Richard A. Leibler, a National Security Agency mathematician whose code-breaking work helped lead to the exposure and arrest of Soviet agents who spied on the United States during the height of the Cold War, has died. He was 89.
Leibler died of heart disease Oct. 25 at Reston Hospital Center in Reston, Va.
Leibler retired from the National Security Agency in 1980 as chief of the office of research in the agency's research and engineering organization. NSA officials said his theoretical work was critical to the development of a process that enabled cryptolinguists to decipher Soviet espionage messages in a project code-named VENONA. The 37-year project, which ended in 1980, employed hundreds of cryptanalysts, who sifted through a million Soviet messages, beginning in World War II, in what had been considered an unbreakable code.
Over the years, VENONA led to the unmaskings of Klaus Fuchs, the German-born scientist convicted of spying for the Soviets; Julius and Ethel Rosenberg, the New York couple who in 1953 were executed for espionage; and British intelligence officer Kim Philby, who, after defecting to Moscow in 1963, said he had been a Soviet spy for two decades.
Leibler was born in Chicago and graduated from Northwestern University, where he also received a master's in mathematics. He received a doctorate in math from the University of Illinois.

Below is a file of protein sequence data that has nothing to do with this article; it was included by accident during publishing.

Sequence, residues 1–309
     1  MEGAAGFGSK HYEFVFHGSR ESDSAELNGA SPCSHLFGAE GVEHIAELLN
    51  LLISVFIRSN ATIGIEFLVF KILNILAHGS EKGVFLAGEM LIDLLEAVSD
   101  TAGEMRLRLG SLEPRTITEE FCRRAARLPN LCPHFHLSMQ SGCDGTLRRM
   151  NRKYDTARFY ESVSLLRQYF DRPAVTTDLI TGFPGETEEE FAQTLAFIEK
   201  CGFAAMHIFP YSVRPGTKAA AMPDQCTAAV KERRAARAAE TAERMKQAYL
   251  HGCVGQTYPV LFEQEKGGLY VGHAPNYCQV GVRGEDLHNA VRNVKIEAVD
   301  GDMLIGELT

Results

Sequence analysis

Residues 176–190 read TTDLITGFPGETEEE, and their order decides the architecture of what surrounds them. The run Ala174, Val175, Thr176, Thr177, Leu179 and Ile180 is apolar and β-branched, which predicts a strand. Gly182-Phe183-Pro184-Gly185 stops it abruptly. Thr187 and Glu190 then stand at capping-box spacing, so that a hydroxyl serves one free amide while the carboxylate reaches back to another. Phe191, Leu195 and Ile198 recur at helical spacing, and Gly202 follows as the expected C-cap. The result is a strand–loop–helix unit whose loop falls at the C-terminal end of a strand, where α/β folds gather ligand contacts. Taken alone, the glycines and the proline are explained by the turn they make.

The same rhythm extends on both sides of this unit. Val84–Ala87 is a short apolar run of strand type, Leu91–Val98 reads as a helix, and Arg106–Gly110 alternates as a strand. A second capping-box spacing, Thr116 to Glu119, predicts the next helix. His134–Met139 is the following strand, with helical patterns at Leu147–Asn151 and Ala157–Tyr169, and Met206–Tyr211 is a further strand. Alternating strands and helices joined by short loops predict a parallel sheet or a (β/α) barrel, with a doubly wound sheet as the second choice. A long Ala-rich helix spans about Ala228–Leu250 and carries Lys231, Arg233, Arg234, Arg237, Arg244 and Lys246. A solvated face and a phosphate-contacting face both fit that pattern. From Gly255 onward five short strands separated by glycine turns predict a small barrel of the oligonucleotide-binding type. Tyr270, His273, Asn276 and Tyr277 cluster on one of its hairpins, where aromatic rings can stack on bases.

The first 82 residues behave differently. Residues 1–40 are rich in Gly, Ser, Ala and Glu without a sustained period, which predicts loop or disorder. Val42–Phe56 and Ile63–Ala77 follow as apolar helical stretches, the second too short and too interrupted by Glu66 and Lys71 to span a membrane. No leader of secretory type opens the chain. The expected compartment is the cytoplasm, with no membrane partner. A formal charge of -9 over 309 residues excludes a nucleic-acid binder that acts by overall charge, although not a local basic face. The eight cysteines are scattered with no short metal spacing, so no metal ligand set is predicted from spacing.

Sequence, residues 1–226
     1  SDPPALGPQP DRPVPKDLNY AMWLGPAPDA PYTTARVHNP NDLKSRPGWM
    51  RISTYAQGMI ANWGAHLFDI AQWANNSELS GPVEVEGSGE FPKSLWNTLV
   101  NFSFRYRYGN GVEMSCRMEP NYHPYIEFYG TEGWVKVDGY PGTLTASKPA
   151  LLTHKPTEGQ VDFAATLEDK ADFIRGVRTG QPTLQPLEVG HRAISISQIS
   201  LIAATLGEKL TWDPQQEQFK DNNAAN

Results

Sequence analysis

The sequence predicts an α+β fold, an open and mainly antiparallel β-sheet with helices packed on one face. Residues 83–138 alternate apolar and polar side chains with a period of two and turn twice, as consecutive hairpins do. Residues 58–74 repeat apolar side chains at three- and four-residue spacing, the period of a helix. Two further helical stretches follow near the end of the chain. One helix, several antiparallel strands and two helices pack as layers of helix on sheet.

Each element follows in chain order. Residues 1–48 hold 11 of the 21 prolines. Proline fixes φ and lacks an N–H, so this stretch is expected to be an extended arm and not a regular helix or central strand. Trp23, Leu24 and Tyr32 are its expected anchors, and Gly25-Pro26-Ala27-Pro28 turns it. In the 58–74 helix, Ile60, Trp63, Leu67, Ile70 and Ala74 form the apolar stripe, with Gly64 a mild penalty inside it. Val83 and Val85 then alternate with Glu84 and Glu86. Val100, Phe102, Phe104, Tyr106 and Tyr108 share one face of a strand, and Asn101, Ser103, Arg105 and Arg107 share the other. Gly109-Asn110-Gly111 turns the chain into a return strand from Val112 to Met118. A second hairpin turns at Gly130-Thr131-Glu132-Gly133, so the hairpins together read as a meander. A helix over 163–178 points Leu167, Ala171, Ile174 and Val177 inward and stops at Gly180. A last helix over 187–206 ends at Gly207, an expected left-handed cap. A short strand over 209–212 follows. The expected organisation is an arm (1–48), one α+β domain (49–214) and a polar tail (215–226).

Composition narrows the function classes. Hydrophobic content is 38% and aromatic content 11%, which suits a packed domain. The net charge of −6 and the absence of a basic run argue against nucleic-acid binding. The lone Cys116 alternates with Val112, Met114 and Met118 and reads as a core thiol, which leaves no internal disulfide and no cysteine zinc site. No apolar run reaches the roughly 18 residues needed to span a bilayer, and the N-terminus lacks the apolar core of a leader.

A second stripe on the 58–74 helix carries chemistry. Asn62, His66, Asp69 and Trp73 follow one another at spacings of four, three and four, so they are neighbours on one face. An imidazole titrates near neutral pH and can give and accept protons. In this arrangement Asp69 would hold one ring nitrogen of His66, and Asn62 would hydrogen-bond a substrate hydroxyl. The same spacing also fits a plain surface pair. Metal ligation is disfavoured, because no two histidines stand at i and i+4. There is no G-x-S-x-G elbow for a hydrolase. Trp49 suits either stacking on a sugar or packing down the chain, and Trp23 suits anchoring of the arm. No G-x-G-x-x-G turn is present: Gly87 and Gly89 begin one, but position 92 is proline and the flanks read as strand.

During World War II, he served in the Navy as an aviation ordnance officer. He participated in combat operations on aircraft carriers at Iwo Jima and Okinawa.
After the war, he worked for the Department of the Navy and spent a year at the Institute for Advanced Study at Princeton.
Leibler joined the NSA in 1953 and, in his early years with the agency, worked with pioneer computer scientists in the development of programs and applications. During that period, he also produced theories that helped cryptolinguists develop a process to decode the VENONA messages.
In the VENONA project, Leibler was dealing with numerical codes that changed every day, making it all but impossible for cryptolinguists to find patterns. But there were times when the codes did not change -- when the Soviets hastily relocated their wartime message-sending operation east from Moscow to escape advancing Nazi armies, for example. The lapses gave the code-breakers more to work with. Still, the decoding process was long, arduous work, and thousands of the VENONA messages were never deciphered.
Work on the VENONA project was halted in 1980, but the project remained classified until 1995, when it was unveiled by the Central Intelligence Agency as one of the major counterespionage feats of the Cold War.
In 1958, Leibler left the NSA to become deputy director of the Communications and Research Division of the Institute for Defense Analysis at Princeton.
Leibler became director in 1962 and continued to undertake NSA research projects. He returned to the NSA in 1977.
He is survived by his wife, Eleanor, and two children.